Remember those glorious days back in the summer when you and your friends were dying to go grab some pokemon on Pokemon GO (Free) but couldn’t log in or the game kept crashing on you? Remember when it was so bad that Niantic had to pause the game’s worldwide rollout to try and get a handle on the server situation? Well, now we know exactly how badly the servers were overloaded and we can, perhaps, shed a silent tear for Niantic’s plight. Luke Stone, director of customer reliability engineering at Google, wrote a blog post talking about the Pokemon GO launch experience and how it was like nothing he had ever experienced in his career before, and he had a hand in numerous, big product launches.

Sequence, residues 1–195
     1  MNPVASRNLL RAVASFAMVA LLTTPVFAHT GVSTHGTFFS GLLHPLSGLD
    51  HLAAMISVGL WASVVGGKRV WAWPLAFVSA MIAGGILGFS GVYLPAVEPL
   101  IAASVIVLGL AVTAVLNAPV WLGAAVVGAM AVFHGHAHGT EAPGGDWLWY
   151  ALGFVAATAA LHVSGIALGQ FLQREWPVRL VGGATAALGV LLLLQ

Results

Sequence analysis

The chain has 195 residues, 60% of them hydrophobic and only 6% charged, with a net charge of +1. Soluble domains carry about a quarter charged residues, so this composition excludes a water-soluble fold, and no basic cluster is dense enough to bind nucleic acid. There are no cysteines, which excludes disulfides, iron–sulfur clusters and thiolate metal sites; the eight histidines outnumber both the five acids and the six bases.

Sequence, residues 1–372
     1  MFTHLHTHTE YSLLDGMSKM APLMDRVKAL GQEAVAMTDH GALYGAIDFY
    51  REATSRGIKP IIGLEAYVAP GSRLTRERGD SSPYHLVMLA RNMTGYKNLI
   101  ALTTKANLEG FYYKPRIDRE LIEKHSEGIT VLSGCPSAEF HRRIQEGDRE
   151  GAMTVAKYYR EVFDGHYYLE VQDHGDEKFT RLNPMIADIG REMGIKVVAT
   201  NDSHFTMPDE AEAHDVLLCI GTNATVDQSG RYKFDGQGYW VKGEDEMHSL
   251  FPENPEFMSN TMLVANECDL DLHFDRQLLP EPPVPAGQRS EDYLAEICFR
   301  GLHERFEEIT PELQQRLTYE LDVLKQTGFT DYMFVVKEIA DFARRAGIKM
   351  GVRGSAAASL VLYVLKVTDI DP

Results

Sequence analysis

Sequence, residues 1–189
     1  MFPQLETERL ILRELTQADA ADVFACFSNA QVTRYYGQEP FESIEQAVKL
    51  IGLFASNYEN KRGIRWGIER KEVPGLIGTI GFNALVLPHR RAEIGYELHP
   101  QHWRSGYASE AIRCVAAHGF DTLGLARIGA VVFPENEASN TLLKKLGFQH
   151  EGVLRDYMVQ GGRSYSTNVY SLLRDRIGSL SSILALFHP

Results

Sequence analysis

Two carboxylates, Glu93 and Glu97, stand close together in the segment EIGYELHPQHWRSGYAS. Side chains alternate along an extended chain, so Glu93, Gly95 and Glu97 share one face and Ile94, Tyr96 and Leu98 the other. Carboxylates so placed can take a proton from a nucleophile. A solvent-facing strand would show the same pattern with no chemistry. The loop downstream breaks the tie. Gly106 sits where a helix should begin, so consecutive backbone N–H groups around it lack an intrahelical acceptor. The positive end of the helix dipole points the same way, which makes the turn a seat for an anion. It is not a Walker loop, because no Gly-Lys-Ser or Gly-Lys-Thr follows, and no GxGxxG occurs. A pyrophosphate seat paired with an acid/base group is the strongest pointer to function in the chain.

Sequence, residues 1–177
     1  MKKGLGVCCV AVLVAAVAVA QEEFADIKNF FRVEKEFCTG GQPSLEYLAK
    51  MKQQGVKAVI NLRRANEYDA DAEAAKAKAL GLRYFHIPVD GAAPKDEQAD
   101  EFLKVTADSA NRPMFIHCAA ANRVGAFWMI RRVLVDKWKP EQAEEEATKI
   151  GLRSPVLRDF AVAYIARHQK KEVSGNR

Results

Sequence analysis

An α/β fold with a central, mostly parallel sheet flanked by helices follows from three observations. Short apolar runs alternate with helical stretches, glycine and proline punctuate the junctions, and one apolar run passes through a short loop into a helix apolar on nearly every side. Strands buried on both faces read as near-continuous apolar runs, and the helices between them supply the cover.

I could just point to the image above and not say anything, and you’d understand what Niantic went through. According to Stone, within 15 minutes of launching in Australia and New Zealand traffic spiked way beyond any expectations, which was good news and bad news since it showed how popular the game was but at the same time, blasted the servers apart.
The teams had targeted 1X player traffic and had a 5X traffic as the worse (best) case scenario. Well, traffic went up to 50X really fast, and at that point there wasn’t much that could be done to help the servers cope outside gradually upgrading server capacity, which is what happened over the next two weeks. So, you should all pat yourselves on the back because you managed to briefly bring Google to its knees. You can read the whole analysis here.